|Molar mass||90.12 g/mol|
| Except where noted otherwise, data are given for|
materials in their standard state
(at 25 °C, 100 kPa)
Infobox disclaimer and references
Its industrial synthesis starts with acetylene, which is reacted with two molecules of formaldehyde to form 1,4-butynediol, also known as but-2-yne-1,4-diol, a process known as the Reppe synthesis. This product is subsequently hydrogenated to give 1,4-butanediol.
It is also manufactured on an industrial scale by the vapour phase hydrogenation of maleate esters.
1,4-Butanediol is used industrially as a solvent and in the manufacture of some types of plastics and fibers. In organic chemistry, 1,4-butanediol is used for the synthesis of γ-butyrolactone (GBL). In the presence of phosphoric acid and high temperature, it dehydrates to the important solvent tetrahydrofuran.. At about 200 °C in the presence of a soluble ruthenium catalyst, the diol loses H2 and forms butyrolactone.
It is also used as a recreational drug known by some users as "One Comma Four", "One Four Bee" or "One Four B-D-O". It exerts effects similar to γ-hydroxybutyrate (GHB), which is a metabolic product of 1,4-butanediol.
Anecdotal reports indicate that 1,4-butanediol produces a strong toxic feeling not present with GHB when ingested. These reports also indicate that it may cause damage to the liver as well as to other vital organs. Abuse has also resulted in addiction and death.
1,4-Butandiol is converted into GHB by the enzymes alcohol dehydrogenase and aldehyde dehydrogenase and differing levels of these enzymes may account for differences in effects and side effects between users. Because these enzymes are also responsible for metabolizing alcohol there is a strong chance of a dangerous drug interaction. Emergency room patients who overdose on both alcohol and 1,4-butanediol often present with symptoms of ethanol intoxication initially and as the ethanol is metabolized the 1,4-butandiol is then able to better compete for the enzyme and a second period of intoxication ensues as the 1,4-butanediol is converted into GHB.
1,4-Butanediol seems to have two types of pharmacological actions. The major psychoactive effects of 1,4-butanediol are due to the fact that it is metabolized into GHB, however there is some evidence that 1,4-butanediol may have inherent alcohol-like pharmacological effects that are not due to this conversion.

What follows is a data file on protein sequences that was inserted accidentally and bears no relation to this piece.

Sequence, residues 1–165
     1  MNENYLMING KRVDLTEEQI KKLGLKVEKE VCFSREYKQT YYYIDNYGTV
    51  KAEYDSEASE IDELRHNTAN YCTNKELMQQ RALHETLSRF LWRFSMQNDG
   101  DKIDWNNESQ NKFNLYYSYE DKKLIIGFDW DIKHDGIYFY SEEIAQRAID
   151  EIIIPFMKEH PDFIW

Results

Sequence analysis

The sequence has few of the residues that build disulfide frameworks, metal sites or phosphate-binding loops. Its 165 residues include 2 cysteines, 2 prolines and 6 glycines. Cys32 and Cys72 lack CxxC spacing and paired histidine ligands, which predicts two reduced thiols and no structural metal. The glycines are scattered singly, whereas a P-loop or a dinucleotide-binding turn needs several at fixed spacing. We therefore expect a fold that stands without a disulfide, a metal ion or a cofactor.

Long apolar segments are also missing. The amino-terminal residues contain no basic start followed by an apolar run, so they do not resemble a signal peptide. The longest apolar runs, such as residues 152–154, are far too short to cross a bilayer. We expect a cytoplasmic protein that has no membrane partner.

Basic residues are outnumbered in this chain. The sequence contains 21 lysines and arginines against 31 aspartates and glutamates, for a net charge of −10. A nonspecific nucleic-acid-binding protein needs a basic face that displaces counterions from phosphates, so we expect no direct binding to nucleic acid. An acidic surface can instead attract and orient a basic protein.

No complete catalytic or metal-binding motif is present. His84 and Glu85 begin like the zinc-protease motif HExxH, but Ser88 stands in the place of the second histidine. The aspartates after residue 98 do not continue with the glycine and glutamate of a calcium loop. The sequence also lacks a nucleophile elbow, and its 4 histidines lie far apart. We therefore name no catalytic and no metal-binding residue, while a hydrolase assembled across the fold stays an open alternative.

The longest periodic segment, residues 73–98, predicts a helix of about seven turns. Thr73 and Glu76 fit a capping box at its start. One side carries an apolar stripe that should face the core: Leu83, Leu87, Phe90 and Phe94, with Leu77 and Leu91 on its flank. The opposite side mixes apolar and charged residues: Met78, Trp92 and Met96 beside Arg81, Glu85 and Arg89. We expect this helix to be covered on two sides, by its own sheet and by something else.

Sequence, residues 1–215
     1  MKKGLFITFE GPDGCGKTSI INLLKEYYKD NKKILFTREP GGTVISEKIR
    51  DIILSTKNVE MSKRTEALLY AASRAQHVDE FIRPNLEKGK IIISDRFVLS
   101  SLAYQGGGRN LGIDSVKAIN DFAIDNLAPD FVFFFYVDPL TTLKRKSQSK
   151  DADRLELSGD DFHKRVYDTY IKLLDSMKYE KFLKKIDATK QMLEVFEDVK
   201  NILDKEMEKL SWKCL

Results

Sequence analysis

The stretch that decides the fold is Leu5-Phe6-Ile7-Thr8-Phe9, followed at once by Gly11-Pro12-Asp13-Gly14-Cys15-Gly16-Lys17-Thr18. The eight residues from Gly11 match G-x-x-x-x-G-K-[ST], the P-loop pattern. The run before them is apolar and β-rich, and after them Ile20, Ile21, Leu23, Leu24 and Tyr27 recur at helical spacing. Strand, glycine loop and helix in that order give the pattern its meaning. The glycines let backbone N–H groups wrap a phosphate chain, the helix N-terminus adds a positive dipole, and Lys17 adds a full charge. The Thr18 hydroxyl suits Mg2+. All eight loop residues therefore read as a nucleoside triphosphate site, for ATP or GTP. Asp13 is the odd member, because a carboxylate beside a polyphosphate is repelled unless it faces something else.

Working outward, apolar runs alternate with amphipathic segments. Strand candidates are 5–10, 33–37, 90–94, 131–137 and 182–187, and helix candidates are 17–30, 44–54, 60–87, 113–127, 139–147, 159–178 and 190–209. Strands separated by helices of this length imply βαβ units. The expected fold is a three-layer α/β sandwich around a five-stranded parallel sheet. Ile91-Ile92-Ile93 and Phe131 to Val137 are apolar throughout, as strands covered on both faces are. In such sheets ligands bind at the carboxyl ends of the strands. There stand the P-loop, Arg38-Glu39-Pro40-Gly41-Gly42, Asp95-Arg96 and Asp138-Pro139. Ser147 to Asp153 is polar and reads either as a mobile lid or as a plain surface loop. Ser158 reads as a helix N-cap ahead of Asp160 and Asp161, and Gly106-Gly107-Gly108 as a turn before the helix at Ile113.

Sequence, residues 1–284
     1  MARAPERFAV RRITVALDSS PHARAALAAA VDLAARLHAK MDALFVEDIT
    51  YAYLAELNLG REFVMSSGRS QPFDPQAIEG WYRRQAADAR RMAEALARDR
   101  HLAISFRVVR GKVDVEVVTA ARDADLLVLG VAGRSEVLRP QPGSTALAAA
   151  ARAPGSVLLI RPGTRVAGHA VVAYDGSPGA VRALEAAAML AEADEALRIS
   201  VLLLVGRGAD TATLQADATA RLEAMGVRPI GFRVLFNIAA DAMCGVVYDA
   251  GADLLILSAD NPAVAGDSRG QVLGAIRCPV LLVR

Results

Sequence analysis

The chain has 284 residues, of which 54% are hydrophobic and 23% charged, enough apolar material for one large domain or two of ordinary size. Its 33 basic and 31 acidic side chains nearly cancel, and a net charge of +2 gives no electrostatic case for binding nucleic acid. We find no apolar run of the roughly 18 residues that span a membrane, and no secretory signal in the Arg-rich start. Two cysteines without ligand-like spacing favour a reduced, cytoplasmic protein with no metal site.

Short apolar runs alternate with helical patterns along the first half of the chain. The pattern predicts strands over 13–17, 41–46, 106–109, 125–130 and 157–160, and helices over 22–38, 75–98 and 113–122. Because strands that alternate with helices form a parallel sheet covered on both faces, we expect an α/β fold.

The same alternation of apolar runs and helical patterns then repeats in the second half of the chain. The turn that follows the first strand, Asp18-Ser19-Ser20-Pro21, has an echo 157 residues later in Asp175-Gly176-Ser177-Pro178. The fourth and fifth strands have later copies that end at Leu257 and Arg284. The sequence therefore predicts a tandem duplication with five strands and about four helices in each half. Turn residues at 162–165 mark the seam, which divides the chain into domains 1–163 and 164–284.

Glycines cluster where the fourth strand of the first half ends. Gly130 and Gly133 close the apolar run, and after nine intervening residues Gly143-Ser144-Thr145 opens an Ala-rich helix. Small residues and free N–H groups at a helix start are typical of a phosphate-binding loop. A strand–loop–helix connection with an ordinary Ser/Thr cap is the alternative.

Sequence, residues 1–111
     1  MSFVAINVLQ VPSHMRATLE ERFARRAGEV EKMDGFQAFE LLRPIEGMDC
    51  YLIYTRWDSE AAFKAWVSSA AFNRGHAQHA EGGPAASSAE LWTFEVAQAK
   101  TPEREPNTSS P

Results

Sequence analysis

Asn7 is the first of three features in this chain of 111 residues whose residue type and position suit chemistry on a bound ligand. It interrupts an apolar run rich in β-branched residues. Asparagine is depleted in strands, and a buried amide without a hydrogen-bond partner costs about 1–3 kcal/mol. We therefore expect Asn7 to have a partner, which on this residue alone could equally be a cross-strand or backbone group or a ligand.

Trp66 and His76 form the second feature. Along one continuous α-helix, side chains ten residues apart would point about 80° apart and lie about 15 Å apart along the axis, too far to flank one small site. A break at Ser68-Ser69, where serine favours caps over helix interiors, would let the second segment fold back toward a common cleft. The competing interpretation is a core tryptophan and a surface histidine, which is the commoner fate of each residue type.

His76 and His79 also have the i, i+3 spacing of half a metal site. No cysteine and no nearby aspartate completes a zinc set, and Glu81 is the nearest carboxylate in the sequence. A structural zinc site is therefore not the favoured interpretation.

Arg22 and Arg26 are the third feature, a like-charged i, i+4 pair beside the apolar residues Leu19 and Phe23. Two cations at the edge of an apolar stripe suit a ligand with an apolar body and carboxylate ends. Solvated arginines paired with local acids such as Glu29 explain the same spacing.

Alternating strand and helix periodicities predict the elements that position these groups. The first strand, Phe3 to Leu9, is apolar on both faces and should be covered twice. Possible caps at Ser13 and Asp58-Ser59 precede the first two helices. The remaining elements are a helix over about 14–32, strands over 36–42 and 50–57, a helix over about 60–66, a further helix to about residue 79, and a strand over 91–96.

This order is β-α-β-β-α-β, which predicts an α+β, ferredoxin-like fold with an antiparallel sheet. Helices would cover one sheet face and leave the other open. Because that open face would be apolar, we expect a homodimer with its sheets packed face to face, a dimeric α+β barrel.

While 1,4-butanediol is not currently scheduled federally in the United States, a number of states have classified 1,4-butanediol as a controlled substance and even where it has not yet been scheduled. Scheduling of 1,4-butanediol on a federal level is highly unlikely considering its common industrial use and many industrial applications.
- ↑ "Ethers, by Lawrence Karas and W. J. Piel". Kirk‑Othmer Encyclopedia of Chemical Technology. (2004). John Wiley & Sons, Inc. Retrieved on 2007-09-05.
- ↑ J. Zhao, J. F. Hartwig "Acceptorless, Neat, Ruthenium-Catalyzed Dehydrogenative Cyclization of Diols to Lactones" Organometallics 2005, volume 24, 2441-2446.
- ↑ Satta R, Dimitrijevic N, Manev H. Drosophila metabolize 1,4-butanediol into gamma-hydroxybutyric acid in vivo. Eur J Pharmacol. 2003 Jul 25;473(2-3):149-52. PMID 12892832
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- ↑ Zvosec DL, Smith SW, McCutcheon JR, Spillane J, Hall BJ, Peacock EA. Adverse events, including death, associated with the use of 1,4-butanediol. N Engl J Med. 2001 Jan 11;344(2):87-94. PMID 11150358
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- ↑ 12.0 12.1 12.2 Theodore I Benzer, Scott Cameron, Christopher S Russi (8 Jan 2007). Toxicity, Gamma-Hydroxybutyrate. eMedicine.
- ↑ 13.0 13.1 Poldrugo, F.; Snead, O.C. 3rd. (1984). "1,4 Butanediol, gamma-hydroxybutyric acid and ethanol: relationships and interactions". Neuropharmacology 59 (23): 109-113. PMID 6717752.
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